Overexpression of PAX4 reduces glucagon expression in differentiating hESCs.

PMID 25483960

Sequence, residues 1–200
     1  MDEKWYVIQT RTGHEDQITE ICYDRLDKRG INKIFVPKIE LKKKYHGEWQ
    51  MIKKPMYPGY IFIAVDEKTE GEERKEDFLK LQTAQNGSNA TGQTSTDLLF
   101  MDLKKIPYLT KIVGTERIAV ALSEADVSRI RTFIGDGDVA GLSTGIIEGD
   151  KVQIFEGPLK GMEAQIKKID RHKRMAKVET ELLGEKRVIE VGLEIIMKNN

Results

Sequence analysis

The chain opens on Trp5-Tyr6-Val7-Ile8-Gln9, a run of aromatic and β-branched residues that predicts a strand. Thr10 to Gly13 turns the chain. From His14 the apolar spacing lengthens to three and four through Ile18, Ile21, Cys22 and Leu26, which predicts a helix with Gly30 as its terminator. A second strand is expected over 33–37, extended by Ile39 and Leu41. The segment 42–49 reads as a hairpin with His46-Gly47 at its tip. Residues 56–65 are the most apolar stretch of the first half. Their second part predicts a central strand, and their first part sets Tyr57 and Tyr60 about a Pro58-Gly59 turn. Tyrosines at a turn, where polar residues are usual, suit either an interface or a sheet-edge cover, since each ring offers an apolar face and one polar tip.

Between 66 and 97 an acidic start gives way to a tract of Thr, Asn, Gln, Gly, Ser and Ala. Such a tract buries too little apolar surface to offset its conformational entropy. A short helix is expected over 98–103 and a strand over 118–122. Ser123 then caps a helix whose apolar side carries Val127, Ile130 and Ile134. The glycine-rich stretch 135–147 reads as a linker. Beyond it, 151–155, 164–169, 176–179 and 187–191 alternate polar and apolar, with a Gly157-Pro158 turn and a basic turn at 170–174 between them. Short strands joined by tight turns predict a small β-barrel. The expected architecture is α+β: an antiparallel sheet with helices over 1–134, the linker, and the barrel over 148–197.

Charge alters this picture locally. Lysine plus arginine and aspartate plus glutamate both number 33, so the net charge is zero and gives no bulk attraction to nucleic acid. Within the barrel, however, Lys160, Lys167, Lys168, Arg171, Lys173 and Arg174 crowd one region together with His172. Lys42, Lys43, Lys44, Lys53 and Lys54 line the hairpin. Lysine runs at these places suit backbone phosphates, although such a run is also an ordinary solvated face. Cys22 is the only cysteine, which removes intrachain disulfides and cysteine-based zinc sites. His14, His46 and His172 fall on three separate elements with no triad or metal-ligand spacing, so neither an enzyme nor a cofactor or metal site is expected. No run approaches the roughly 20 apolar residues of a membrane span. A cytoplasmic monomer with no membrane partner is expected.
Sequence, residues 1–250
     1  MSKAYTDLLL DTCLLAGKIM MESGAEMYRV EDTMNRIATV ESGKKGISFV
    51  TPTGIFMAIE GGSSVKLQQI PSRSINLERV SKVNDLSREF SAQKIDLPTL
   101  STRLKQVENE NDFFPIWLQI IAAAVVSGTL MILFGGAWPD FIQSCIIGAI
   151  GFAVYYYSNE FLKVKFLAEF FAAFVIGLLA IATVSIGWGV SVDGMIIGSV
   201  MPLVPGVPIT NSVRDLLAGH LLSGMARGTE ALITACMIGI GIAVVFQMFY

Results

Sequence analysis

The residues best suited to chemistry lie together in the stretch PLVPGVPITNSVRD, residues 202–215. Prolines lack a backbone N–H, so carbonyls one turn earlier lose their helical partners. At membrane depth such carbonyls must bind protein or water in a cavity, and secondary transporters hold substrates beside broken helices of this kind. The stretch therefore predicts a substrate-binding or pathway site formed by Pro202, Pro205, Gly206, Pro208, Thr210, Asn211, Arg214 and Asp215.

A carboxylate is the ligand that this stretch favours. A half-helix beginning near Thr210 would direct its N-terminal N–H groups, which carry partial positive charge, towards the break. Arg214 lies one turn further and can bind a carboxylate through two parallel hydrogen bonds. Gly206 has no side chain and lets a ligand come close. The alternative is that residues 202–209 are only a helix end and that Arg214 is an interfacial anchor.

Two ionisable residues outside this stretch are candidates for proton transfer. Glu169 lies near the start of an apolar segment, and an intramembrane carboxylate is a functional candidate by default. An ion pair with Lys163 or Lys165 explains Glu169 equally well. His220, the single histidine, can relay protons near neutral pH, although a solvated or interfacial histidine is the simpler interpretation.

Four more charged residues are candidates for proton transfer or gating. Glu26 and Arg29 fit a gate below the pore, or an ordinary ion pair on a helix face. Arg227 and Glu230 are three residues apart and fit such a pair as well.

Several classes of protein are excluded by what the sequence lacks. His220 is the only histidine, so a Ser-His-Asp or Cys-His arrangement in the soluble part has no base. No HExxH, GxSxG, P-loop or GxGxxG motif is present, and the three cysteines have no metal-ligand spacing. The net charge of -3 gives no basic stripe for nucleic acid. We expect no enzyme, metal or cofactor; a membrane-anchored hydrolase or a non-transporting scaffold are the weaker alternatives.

Human embryonic stem cells (hESCs) are pluripotent and capable of generating new β-cells, but current in vitro differentiation protocols generally fail to produce mature, glucose-responsive, unihormonal β-cells. Instead, these methods tend to produce immature polyhormonal endocrine cells which mature in vivo into glucagon-positive α-cells. PAX4 is an established transcription factor in β-cell development and function, and is capable of converting glucagon-positive cells to insulin-positive cells in mice. Work in human and mouse ESCs has shown that constitutive PAX4 expression promotes the development of insulin-positive cells, but whether acute PAX4 expression is sufficient to guide specific endocrine cell fates has not been addressed in hESCs. In this study, we applied recombinant adenovirus to ectopically express human PAX4 in hESC-derived pancreatic progenitors, with the aim of influencing the endocrine developmental cascade away from polyhormonal cells toward unihormonal insulin-positive cells. Gene delivery to pancreatic progenitors was efficient and dose-dependent. By the end of in vitro differentiation, PAX4 reduced ARX expression, but only the high dose tested significantly reduced glucagon release. Single cell analysis revealed that while PAX4 did not alter the proportion of endocrine cells, it did reduce the number of glucagon-positive cells and increased the number of unihormonal insulin-positive cells. These data suggest that acute PAX4 overexpression can reduce expression of ARX and glucagon resulting in improved numbers of unihormonal insulin-positive cells.